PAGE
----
SPE ’14: New President Haldorsen urges a ‘bigger tent’ for SPE


SPE ’14: New President Haldorsen urges a ‘bigger tent’ for SPE


AMSTERDAM – At the concluding ceremony of the SPE ATCE, 2014 President Jeff Spath, Schlumberger, passed on the president's gavel to Helge Hove Haldorsen, Statoil, who assumed the organization’s lead role for 2015.

In his acceptance speech, Haldorsen suggested that the SPE membership should be expanded to other energy professionals. “People think SPE members sit in a hard chair and solve difficult equations,” Haldorsen explained. Perhaps realizing that the proposition may have difficulty in gaining acceptance from the SPE membershipof engineers, Haldorsen added a postscript: “Think about it!”

"This has been a dynamic and productive year for the SPE, with the society gaining increasing importance and relevance,” said Spath in his annual membership report. “The year2014 has been one of continuing globalization of our society. Of the 124,000 members, 55% are outside North America. This is one of the reasons we’re in Amsterdam this year and will be in Dubai in 2016.”

Spath also cited the success of the inaugural OTC Asia in 2014 with 25,000 registrants and sold-out exhibit space, and inaugural conferences in Venezuela and the Caspian.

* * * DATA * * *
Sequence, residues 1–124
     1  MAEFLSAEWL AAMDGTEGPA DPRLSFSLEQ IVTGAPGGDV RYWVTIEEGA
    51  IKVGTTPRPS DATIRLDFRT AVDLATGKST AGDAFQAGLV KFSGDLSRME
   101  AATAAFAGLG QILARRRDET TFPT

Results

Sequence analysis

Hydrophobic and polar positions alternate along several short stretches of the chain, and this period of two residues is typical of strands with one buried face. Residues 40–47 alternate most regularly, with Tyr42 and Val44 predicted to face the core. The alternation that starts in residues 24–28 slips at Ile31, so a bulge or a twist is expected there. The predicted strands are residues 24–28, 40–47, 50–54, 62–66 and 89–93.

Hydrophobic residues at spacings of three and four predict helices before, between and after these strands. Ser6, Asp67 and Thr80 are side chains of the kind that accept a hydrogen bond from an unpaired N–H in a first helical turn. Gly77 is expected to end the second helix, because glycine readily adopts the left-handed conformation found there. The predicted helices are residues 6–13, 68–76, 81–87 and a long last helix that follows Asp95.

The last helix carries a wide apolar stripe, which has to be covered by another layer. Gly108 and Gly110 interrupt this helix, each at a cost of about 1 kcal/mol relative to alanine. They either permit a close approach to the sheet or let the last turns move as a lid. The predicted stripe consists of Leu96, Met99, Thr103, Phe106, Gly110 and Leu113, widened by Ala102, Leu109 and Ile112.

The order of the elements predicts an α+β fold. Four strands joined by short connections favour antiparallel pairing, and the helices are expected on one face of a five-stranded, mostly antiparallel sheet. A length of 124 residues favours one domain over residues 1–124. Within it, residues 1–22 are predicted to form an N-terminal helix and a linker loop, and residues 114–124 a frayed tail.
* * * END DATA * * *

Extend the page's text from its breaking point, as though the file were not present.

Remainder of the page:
According to Spath, another of SPE’s initiatives in 2014 has been public education through programs such as “Energy for Me” in order to provide consistent education and dispel myths about industry practices such as fracing.

Speaking about the financial success of the organization, Spath said revenue has grown in FY 2014 (ending March 31), from $71 million to $85 million, and a net operating surplus of $7.7 million.

Haldorsen praised the role of the SPE in helping the global oil and gas industry achieve production milestones of 92 MMbopd, 3.25 Tcfgd, drilling 83,000 wells and making an investment of $1 trillion. “Energy fuels human progress and increases living standards. Could we have done this without the SPE? I don’t think so,” Haldorsen said.

Citing a population growth of 9 billion by 2040, Haldorsen said, “During this luncheon event, we gained 20,000 new customers. What other industry can claim such growth?”

As a hint of the changes Haldorsen expects to achieve through what he called E&P 2.0 and SPE 2.0, the 2015 president said, “Our mission and vision are not changing, but the way we achieve these, needs to change. Some possibilities include the use of social media, hosting webinars to reach 124,000 members, and SPE TV.”

With Haldorsen’s reputation for creative thinking, SPE is certainly poised to have an interesting year 2015.

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